Then wipe the disk.

    /Jim
     
  10. KPOM macrumors G5

    Joined:
    Oct 23, 2010
    #10

    Yes, but with TRIM it quickly returns to speed. Don't securely erase too often, though, since each one is a full write cycle on the entire drive, and you only have about 5,000 of them.

    Encryption slows down the drive, too, but it isn't noticeable for me.
     
  11. steve dave macrumors 6502a

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    Mar 29, 2010
    #11
    When I boot into the recovery mode the option to secure erase is greyed-out. Can anyone help? Also, is there any way to reformat and reinstall without an Internet connection?
     
  12. h00ligan macrumors 68030

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    #12
    That's a great solution, for traditional hard drives. Unfortunately this is not a good solution for SSD.

    You may want to read this - it explains why it doesn't work, secure erase, for ssd.

    http://arstechnica.com/ask-ars/2011/03/ask-ars-how-can-i-safely-erase-the-data-from-my-ssd-drive.ars
     
  13. flynz4 macrumors 68040

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    #13
    I thought that we cannot execute a secure erase on SSDs in the MBA. My comment was to securely delete the user accounts in conjunction with using FV2.

    I set up FV2 on my MBA from the beginning... so my data has always been encrypted on the device.

    /Jim
     
  14. h00ligan macrumors 68030

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    #14
    My mistake, I see what you were saying now.. there is no point in doing the secure delete on top of file vault really.. and since it's whole disk encryption now, it wouldn't really matter if you did the user account or the machine.. it would basically just add steps or time.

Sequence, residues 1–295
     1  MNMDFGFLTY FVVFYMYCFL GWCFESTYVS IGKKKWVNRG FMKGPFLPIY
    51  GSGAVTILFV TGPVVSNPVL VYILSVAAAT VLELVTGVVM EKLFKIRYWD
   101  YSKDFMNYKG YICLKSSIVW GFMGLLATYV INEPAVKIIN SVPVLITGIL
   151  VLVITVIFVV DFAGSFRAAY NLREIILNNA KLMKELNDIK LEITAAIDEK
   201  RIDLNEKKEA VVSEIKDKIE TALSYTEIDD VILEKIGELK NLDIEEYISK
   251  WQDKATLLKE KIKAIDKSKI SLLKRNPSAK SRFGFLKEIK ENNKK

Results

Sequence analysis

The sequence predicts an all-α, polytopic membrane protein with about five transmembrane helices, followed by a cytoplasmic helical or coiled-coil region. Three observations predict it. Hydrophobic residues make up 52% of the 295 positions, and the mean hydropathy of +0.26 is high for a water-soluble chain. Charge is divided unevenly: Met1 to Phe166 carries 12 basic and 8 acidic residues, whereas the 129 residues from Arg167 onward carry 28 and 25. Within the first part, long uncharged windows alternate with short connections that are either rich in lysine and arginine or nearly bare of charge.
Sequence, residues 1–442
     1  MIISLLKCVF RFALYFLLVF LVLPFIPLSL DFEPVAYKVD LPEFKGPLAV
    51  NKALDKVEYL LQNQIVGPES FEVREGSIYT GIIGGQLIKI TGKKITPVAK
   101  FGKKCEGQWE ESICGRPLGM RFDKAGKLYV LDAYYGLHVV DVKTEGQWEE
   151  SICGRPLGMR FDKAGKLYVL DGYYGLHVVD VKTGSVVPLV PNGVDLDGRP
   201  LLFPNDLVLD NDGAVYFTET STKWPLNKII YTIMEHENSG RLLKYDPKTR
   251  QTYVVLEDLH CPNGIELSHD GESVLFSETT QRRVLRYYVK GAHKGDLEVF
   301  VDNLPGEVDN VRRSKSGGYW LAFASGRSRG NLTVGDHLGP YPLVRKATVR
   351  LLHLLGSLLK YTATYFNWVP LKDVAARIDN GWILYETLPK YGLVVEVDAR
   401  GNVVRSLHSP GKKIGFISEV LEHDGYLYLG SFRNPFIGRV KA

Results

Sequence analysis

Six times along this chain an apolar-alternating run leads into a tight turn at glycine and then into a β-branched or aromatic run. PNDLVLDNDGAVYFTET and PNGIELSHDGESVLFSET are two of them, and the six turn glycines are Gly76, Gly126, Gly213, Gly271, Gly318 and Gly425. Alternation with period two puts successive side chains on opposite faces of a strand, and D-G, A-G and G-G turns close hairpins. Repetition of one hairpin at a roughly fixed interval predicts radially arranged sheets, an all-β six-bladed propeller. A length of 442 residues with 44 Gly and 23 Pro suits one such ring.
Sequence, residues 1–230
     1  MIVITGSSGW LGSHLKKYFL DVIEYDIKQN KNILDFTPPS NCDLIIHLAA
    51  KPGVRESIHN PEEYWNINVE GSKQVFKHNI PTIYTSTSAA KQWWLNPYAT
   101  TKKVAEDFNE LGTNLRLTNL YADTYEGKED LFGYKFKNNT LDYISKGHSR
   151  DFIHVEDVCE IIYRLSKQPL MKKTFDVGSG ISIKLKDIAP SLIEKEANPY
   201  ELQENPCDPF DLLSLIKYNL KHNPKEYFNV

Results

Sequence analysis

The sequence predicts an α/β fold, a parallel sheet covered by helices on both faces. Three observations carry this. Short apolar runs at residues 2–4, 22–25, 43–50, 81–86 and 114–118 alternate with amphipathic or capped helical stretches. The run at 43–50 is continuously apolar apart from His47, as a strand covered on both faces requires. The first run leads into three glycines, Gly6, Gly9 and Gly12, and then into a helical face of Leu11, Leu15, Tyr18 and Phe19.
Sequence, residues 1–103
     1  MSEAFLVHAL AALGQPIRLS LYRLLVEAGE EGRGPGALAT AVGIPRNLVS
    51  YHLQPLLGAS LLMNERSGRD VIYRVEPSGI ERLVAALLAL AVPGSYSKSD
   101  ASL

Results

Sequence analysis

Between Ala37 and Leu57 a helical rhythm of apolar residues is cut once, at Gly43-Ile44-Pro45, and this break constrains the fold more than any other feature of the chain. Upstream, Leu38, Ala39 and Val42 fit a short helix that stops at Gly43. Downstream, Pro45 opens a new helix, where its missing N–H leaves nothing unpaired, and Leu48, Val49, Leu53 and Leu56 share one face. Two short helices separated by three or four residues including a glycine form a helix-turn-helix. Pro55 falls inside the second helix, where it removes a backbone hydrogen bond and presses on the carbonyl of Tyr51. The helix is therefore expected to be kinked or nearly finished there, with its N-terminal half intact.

So full disk encrypt. Change password to something you write down like

    jshdgdyeksjdhfk90sl@#$%

    reboot, delete and restore. Only writing the password in case something changes and you need back in!
     
  15. eyespii macrumors 6502

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    Mar 8, 2008
    #15
    Bump - the secure erase option is greyed out for me too. Need to wipe the drive so I can return to best buy!
     
  16. IngerMan macrumors 6502a

    IngerMan

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    #16
    Read the post above you.
     
  17. scenemissing macrumors member

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    Jun 18, 2010
    #17
    quickest way is to boot to single user mode by holding Apple-S at bootup, mount the drive, then rm -rf /

    That'll do a good job of it.
     
  18. DarwinOSX macrumors 65816

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    Nov 3, 2009
    #18
    That is a generalized article about wiping ssd's that does not apply in this case. Creating a new admin account and securely deleting the old account uses Apples tools and OS' and works. Thats why when you delete an account you are asked if you want to securely delete it.